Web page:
Getting stuff done with your team is all the craze these days. You know what else is a craze? Working remote (#remotelife). So… we were surprised that most of y’all are tied to offices. The analysts are given more freedom than any other role, and designers (the “free spirits” of the tech-iverse) are more chained to an office than any other self-described role.
If you’re to break free from a desk, you probably need to take a look at your list-size — as this was the biggest factor on remote work ( even more than years worked or size of team). As you can see from the results, the higher the list size, the less strict they are for sticking butts in seats in the office. But, as corporate life goes, they still want you in the office compared to smaller list size companies who don’t mind remote workers.
Looking at work conditions by list size got us curious about how list size impacted other factors. We found some really good correlations that we thought we’d share. For one thing, if you’re all on your lonesome, getting your list up past the 50k mark increases your chances of getting a buddy or two on board to help out.
And, perhaps un-shockingly, the larger the list, the more time spent planning the emails. Fewer than 500k? Emails get planned in about 3 days or less. 500,001 and more and you’re up to 5+ days of planning. We don’t really know what to say about the 30–60 days of planning. Does that deserve a slow clap for being so on top of things?
As the saying goes: “mo’ people, mo’ problems.” Okay, it doesn’t go like that. But you can see below that the more people you have on your list, the more emails you are working at a given time, with the median being 3 emails.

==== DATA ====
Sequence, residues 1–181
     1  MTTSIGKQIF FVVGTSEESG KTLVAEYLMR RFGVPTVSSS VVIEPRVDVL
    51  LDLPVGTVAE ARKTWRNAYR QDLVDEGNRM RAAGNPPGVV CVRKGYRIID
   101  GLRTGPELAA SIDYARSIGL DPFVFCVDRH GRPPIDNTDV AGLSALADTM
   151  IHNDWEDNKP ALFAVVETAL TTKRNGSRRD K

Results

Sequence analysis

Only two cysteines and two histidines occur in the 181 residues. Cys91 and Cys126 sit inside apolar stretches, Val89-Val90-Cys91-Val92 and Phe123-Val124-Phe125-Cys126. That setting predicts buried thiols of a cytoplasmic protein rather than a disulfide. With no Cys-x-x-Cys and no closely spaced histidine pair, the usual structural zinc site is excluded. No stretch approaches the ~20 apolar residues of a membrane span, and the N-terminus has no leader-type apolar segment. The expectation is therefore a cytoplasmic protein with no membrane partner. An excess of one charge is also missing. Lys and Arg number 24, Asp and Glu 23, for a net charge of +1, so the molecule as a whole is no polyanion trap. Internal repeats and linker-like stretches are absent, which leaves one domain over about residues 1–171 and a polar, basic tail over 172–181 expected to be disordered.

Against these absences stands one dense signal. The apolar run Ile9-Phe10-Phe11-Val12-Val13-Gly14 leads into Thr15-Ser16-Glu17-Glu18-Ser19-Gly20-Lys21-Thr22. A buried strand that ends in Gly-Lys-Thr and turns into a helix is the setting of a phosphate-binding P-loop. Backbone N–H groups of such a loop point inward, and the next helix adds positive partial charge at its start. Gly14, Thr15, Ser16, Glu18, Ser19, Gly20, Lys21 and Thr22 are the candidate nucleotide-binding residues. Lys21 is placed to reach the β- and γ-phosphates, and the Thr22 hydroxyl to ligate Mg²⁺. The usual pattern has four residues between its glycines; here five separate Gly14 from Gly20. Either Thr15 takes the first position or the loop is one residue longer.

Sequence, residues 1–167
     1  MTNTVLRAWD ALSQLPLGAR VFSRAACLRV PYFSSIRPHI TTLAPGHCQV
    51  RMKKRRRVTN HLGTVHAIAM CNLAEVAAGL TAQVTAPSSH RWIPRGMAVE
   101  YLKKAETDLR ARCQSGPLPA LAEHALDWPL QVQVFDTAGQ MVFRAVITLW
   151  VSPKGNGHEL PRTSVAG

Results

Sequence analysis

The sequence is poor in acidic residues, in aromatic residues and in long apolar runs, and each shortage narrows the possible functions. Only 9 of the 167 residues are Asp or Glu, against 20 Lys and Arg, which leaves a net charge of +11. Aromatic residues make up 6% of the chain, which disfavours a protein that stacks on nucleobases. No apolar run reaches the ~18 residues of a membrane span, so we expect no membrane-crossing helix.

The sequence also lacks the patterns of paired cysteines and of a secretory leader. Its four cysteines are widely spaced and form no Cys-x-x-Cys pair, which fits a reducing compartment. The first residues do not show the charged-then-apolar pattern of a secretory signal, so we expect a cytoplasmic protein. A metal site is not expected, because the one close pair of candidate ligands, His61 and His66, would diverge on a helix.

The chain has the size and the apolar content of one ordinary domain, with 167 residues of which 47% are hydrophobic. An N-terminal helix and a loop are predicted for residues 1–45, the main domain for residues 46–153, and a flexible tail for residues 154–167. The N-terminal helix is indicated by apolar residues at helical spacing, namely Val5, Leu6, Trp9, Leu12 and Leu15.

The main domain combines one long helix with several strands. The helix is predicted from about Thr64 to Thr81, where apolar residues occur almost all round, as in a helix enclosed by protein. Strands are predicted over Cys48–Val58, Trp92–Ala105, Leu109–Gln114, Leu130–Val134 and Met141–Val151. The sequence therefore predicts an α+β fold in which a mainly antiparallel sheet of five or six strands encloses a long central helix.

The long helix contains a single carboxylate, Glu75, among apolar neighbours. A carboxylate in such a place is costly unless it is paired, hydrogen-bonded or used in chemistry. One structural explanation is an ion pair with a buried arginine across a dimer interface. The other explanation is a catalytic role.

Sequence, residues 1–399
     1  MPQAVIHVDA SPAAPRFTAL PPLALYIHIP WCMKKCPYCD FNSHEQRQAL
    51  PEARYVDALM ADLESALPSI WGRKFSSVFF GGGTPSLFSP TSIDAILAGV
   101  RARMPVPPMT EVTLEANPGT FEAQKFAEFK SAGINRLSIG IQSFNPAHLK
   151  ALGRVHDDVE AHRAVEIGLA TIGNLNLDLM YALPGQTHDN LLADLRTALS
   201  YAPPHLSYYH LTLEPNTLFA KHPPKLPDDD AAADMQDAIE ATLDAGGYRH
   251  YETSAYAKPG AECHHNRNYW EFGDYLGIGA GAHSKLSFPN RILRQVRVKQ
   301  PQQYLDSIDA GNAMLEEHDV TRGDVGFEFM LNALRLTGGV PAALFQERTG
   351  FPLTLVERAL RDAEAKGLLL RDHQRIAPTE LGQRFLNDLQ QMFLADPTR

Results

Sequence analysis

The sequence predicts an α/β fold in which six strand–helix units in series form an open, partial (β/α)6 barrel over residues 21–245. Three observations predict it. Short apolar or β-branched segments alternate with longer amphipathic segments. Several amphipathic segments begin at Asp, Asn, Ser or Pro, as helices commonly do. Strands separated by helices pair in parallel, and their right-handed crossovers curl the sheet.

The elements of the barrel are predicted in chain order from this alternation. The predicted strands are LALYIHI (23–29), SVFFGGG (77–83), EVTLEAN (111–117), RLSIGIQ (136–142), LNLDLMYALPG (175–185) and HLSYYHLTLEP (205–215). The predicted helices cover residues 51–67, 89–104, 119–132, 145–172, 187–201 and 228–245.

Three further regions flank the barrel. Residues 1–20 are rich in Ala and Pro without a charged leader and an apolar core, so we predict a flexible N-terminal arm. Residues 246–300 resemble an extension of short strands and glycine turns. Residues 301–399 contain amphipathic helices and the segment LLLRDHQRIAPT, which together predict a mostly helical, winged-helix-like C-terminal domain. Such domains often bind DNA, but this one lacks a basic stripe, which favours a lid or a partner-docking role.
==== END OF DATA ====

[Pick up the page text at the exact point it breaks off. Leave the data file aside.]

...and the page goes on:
The bigger the list, the more it becomes about the Benjamins. We asked what was the most important metric for each team, and clicks and opens get less important while lifetime value and money generated per email become more more significant.
Life also seems to be much simpler for people with smaller lists. When you grow your list, it indicates that you start trying to please multiple masters, going from almost half of the population in the survey saying they just send one call-to-action to only a quarter with large lists.
Doing email is never painless, right? Right. So we wondered about the biggest pain point, and apparently it’s people. People and their opinions. Those are the worst. Especially when the list gets big. Ideas seem to run rampant on the streets the bigger the list size, compared to those with smaller lists who have a harder time figuring out what to say. And dynamic content, that tends to be a jerk all the time.
That’s the last of the graphics. We are still sitting on a ton of information, but we’re going to save some more results for our UNSPAM conference — which you should come to. (Be on the lookout for details soon! It’s gonna be rad. We promise.)
Overall, and un-shockingly, it seems like email is something that gets pawned off on too few people as a job add-on rather than a dedicated role. The good news is that the responsibility doesn’t seem to crush your souls — if you stick with it, you’ll probably maintain a sunny disposition and hope for the future. (Especially with a weekly dose of camaraderie and silliness from our kick-ass newsletter!) Growing your list will probably grow your team, but it’ll also come with more planning and more people and more opinions and more CTAs and more… stuff. Good? Bad? Who knows. But you don’t gotta go it alone. We’re here for you, friends.
RGE co-founder. Speaker. Lame marketing guy. If you found a typo on the site, it was probably my fault.